Retiring Ferguson 'overwhelmed' by recognition
By Football News
Alex Ferguson was 'overwhelmed' after receiving the League Managers' Association Manager of the Year award on Monday.
The Scot, who has now landed the award a record-breaking four times, announced his retirement from Manchester United after 26 years and 1500 games at the club, winning his 13th league title this season with victory over Aston Villa in April.
After another successful season at the club Ferguson was given the honour by the LMA members, including all managers from the top four leagues in English football.
Ferguson's previous awards came after league triumphs in 1998-99, 2007-08 and 2010-11, and this fourth honour moves him ahead of David Moyes, his replacement at United, who has won it three times.
"It has been overwhelming," Ferguson said. "The club has been fantastic and congratulations to West Brom with the way they handled yesterday (Sunday).
"In a way I am glad it is all over now - because it has been hard work!
"I think (West Brom manager) Steve Clarke should get an award because anyone who scores five against United deserves it."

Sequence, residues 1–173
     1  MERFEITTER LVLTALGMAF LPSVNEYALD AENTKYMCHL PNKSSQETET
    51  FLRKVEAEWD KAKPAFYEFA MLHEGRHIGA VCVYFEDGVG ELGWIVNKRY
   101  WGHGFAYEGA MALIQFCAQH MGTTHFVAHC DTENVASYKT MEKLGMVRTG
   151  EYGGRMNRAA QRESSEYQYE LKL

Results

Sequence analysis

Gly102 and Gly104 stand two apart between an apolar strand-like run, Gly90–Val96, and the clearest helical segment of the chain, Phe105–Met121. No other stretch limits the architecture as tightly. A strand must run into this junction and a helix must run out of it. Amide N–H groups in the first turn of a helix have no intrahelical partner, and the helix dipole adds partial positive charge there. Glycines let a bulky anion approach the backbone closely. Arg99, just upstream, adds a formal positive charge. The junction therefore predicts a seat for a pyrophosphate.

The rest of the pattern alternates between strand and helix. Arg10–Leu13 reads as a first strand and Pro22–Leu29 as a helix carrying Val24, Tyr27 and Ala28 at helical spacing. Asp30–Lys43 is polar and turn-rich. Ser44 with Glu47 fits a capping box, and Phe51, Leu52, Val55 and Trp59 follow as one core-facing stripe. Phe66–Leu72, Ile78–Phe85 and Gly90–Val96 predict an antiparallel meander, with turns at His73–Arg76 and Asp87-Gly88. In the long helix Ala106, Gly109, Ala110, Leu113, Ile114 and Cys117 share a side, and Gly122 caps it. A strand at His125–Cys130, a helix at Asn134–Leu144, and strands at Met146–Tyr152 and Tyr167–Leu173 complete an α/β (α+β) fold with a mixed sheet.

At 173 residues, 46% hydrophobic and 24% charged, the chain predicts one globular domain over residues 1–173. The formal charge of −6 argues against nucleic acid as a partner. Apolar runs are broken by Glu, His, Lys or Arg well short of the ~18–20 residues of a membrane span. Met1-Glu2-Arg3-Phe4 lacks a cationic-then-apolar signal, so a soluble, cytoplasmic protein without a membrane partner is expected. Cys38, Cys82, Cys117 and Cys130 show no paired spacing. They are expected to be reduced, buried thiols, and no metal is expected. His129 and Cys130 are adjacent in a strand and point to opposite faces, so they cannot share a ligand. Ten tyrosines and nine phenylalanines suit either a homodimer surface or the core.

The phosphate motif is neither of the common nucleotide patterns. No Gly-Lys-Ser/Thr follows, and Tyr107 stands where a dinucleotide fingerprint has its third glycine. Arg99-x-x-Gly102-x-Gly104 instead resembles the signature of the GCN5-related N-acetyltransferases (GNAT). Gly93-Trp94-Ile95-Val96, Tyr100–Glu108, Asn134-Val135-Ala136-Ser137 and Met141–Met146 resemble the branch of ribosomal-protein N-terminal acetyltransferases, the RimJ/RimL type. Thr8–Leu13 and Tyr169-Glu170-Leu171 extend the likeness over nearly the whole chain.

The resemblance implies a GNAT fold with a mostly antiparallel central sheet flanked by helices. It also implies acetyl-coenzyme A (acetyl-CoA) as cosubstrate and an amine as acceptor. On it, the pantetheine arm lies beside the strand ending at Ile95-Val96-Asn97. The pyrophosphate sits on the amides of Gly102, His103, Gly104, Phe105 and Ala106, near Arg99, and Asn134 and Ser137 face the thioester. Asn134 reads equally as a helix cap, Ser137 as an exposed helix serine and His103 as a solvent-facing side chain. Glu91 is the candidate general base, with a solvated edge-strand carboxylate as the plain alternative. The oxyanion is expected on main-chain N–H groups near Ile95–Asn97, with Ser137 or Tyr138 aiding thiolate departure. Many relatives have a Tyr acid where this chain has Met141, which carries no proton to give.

The 71-year-old was praised by LMA chairman Howard Wilkinson for his achievement and contribution to British football, with the former Leeds United boss also hailing Ferguson's replacement at Old Trafford.
"There is no doubt that the LMA Annual Awards are perceived as the most accurate measure of a manager's ability because there are no better judges of your performance than your peers," Wilkinson said.
"Finding words to adequately describe the monumental levels of achievement and the indelible legacy Sir Alex Ferguson leaves in the game, is nigh on impossible.
"This evening's award adds yet another record to that list, making him the only person to secure the much-coveted LMA Manager of the Year Award for a fourth time.
"David Moyes, his choice of successor to the Old Trafford throne, has won it three times and I know that Sir Alex will hope and believe that David goes on to equal and surpass the new record."